Thursday, August 28, 2008

We Can Dare to Hope

When Barak Obama was one of a dozen or so announced candidates for the Democratic nomination for president, there were a number of African-Americans, including myself, considered it to be yet another symbolic effort.

Iowa changed that, and then the other states. The tight race with Hillary Clinton changed that. And last night made it certain that while symbolism was involved, substance was involved. And now, we have reached a watershed moment in our nations history.

Forty-five years after Martin Luther King 's "I Have a Dream Speech"

One hundred forty-five years after the Emancipation Proclamation was signed

the first African-American in the history of our country is nominated by a major party as a candidate for the highest office in the land.

African-Americans and others, were conditioned not to hope. Tonight we saw that it is perfectly alright to hope. This doesn't solve all of our country's problems and its not supposed to.

But every attempt to achieve resolution to any problem begins with hope.

Leonard Pitts, one of my favorite columnists, says it better than I can:

"In the first part of the momentous speech he [Martin Luther King] gave at the Lincoln Memorial, the part schoolchildren don't memorize and pundits never quote, Martin Luther King Jr. reminded a watching world that in writing the Constitution and the Declaration of Independence, the founders were 'signing a promissory not to which every American was to fall heir."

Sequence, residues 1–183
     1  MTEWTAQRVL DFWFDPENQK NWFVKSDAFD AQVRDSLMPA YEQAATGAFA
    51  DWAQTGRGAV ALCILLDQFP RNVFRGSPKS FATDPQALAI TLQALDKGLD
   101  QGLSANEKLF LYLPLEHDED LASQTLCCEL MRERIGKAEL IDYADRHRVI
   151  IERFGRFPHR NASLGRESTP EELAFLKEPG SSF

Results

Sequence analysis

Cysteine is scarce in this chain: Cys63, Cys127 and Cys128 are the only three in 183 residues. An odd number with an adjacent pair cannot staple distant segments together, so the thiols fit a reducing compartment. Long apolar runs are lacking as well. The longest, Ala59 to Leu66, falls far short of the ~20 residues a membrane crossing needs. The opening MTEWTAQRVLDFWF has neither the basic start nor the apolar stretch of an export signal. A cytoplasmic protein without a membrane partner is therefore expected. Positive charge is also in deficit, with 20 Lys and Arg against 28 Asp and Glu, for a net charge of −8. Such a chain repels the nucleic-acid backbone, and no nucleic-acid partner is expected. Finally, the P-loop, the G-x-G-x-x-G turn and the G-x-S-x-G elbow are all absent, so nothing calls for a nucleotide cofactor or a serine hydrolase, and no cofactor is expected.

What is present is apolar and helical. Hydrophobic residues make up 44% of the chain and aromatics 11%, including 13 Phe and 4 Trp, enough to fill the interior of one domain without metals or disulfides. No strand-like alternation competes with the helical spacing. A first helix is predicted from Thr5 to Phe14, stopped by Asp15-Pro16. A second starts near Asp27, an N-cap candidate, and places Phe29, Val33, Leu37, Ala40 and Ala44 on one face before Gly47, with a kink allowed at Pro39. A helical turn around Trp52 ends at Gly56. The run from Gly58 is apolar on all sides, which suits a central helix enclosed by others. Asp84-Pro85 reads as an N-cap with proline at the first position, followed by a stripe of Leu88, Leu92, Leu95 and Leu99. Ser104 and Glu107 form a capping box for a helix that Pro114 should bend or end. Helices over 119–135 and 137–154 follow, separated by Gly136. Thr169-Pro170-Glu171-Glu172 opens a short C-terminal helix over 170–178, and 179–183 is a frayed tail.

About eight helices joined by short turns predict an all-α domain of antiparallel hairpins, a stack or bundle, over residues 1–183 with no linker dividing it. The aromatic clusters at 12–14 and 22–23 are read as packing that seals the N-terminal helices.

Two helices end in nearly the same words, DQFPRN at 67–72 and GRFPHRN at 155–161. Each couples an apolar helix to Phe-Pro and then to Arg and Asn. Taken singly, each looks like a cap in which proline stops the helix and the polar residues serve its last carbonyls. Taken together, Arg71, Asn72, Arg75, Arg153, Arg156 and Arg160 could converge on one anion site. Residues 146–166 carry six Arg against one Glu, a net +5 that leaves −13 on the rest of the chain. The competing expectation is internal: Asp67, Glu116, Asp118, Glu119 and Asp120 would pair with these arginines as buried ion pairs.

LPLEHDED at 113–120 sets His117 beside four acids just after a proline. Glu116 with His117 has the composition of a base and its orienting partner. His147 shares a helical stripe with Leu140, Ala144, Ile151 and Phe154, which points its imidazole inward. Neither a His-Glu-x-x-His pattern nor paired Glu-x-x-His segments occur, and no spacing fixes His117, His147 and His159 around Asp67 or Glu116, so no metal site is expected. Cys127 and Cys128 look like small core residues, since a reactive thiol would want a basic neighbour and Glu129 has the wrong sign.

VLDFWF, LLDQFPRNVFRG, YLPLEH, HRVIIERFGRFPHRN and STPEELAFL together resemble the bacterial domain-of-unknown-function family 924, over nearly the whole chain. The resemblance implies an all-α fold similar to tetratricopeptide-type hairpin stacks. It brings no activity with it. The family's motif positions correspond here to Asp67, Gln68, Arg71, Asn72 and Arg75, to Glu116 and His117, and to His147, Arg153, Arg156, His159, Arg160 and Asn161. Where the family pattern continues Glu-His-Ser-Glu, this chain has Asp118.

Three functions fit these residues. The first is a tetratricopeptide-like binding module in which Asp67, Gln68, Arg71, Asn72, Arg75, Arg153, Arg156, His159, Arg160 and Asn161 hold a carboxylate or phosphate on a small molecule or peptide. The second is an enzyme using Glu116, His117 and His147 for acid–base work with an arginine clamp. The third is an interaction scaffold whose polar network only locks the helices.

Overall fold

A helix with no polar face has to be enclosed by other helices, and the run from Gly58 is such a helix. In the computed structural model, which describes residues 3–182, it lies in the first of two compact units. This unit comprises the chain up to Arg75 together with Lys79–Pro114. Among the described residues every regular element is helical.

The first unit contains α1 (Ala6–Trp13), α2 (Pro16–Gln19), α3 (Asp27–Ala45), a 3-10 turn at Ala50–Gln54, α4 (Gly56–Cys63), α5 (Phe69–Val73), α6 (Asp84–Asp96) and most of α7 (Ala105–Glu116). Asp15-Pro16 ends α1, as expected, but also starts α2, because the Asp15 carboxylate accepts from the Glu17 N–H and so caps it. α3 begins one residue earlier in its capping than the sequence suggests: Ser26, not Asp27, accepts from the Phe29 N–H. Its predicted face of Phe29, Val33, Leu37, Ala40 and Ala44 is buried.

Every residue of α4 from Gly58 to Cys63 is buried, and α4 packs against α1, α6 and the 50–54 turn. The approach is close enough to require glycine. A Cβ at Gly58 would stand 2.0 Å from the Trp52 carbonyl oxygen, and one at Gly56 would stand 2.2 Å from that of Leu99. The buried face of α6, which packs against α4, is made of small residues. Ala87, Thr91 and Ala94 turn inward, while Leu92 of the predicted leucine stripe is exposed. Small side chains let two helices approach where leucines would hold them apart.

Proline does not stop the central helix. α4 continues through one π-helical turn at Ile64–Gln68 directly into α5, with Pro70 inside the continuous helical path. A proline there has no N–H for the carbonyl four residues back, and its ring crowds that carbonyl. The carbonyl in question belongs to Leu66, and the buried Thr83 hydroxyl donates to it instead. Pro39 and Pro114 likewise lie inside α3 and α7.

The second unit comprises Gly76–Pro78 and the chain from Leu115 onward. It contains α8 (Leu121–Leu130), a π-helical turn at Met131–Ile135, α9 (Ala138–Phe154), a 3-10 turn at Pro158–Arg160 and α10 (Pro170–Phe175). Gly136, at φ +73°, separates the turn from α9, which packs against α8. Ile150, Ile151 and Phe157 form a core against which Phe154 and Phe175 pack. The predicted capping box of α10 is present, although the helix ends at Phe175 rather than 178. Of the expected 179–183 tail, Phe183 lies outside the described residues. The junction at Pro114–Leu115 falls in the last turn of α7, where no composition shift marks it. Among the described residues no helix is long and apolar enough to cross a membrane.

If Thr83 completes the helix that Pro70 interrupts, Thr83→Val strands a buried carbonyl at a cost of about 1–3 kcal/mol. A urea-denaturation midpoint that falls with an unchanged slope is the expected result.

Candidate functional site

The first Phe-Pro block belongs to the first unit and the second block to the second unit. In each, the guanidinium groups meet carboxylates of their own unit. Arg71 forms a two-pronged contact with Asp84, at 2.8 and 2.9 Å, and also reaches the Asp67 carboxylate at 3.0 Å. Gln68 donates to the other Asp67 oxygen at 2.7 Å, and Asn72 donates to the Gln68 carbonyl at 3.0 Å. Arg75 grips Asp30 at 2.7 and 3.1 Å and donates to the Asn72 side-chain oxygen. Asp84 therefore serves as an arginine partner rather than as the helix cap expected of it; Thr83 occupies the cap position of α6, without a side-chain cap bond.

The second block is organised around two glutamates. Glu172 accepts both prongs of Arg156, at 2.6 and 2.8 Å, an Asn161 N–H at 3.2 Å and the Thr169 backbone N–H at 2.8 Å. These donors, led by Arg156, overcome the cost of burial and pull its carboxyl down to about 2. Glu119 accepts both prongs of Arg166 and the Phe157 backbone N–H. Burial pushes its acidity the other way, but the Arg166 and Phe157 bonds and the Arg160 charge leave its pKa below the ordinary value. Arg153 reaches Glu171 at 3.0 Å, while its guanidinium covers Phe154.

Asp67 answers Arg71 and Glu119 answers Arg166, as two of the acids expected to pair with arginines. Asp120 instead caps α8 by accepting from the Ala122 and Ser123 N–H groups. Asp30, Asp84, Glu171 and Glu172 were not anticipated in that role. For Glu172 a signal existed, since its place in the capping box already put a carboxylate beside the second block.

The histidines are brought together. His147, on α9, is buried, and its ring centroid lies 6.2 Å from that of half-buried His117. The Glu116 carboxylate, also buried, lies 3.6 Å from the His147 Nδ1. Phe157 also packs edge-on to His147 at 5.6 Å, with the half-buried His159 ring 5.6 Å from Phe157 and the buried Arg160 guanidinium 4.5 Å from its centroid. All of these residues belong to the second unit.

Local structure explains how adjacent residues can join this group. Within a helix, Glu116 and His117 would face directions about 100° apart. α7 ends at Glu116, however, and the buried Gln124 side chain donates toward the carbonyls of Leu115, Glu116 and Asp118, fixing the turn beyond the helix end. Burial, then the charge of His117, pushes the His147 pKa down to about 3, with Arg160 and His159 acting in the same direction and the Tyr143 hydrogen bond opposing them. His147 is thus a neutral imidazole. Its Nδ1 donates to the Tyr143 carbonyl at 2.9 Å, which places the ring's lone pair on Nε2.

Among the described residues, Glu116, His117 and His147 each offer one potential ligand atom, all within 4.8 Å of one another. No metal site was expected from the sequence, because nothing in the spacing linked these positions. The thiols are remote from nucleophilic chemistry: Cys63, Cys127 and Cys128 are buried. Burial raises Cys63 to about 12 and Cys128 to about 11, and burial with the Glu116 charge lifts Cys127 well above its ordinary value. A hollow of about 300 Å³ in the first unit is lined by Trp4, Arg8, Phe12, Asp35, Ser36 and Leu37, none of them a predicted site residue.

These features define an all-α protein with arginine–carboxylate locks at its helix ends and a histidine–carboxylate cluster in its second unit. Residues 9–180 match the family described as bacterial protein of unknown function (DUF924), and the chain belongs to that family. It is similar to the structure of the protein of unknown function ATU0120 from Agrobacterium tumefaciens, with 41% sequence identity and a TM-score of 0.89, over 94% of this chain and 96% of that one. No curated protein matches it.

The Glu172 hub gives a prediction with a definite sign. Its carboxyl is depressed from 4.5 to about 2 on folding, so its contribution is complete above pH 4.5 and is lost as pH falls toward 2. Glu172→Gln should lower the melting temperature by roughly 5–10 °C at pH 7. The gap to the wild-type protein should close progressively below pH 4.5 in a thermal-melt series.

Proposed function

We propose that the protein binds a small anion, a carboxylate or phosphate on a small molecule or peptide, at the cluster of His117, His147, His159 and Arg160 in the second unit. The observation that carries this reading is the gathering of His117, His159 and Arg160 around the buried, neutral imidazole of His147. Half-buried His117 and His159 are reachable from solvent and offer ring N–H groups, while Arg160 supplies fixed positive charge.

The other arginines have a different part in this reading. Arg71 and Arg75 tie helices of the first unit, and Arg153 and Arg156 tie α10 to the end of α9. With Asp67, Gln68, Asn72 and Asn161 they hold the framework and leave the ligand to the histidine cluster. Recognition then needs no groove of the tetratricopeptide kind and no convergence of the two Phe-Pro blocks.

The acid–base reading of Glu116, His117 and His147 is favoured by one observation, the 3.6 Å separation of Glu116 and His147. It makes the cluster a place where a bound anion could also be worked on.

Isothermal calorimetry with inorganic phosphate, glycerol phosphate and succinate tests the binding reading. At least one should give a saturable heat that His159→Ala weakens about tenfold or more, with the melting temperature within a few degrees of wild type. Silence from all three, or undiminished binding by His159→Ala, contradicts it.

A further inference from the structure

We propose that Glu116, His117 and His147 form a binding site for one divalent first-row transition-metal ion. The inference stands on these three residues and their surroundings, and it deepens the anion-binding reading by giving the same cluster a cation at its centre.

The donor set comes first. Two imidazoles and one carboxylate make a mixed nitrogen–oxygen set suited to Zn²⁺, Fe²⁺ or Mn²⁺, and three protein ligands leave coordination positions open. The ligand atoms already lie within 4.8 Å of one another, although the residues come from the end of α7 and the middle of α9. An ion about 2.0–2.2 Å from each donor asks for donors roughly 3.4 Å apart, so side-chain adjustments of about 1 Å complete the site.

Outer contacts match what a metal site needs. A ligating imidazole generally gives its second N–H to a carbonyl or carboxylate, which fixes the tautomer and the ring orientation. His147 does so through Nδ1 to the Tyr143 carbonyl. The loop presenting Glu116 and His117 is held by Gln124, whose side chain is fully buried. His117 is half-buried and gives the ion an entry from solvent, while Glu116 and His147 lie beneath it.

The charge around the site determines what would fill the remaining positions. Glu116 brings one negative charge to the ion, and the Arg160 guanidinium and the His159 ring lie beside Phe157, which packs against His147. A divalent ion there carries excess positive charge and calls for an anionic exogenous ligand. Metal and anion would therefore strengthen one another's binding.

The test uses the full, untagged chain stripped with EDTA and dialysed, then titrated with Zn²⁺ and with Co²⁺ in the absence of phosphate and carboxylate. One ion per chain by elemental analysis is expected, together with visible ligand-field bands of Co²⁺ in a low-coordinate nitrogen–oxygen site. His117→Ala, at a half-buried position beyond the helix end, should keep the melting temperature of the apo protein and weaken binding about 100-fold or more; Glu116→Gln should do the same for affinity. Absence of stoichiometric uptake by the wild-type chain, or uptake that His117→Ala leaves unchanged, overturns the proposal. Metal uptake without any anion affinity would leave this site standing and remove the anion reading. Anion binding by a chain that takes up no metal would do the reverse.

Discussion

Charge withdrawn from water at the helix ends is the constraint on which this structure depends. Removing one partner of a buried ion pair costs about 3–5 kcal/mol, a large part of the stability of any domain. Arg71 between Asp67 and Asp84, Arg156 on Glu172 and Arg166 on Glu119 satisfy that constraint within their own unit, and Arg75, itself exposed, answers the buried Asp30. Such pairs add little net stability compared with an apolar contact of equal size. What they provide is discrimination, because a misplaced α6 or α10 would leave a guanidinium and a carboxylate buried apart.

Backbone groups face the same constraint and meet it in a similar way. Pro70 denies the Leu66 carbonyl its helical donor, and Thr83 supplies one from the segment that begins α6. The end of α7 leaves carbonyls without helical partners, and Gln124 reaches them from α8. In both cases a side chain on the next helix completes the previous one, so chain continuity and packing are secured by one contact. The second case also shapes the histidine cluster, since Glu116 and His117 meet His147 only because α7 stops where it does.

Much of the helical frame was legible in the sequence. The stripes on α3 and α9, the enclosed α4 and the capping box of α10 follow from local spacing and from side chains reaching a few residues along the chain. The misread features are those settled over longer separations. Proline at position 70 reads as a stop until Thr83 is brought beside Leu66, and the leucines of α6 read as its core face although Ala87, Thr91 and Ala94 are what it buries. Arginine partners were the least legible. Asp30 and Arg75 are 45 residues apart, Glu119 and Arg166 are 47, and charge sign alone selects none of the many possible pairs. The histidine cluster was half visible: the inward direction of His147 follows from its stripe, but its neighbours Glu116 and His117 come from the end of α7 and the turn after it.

"This note," said Dr. King, "was a promise that all men, yes black men as well as white men, would be guaranteed the unalienable rights of life, liberty and the pursuit of happiness." His evocation of this great American promise may be less well known than Dr. King's description, moments later , of his great American dream, but there is, nevertheless, a straightforward clarity to it that it compels. Because where race is concerned, what is American history if not the story of how that promise was repeatedly broken? As Dr. King put it five years later in the last speech of his life, "All we say to America is 'be true to what you said on paper'."

"But America never did."

"Except that now, here comes Barack Obama, son of a Kenyan and a Kansan, striding to the podium to accept the nomination of his party for president of the United States. It comes 45 years to the very day after Dr. King said he had a dream America's promise might someday be fulfilled, 100 years and a day after the birth of the president, Lyndon Johnson who helped nudge that dream toward reality. The timing requires you, if you have any music in your soul, any ''soul" in your soul, to reappraise both the promise and the dream."

"The realization coalesces something some of us never dared hope and others never dared fear the idea that one day America would take its promise seriously.

We can dare to hope.

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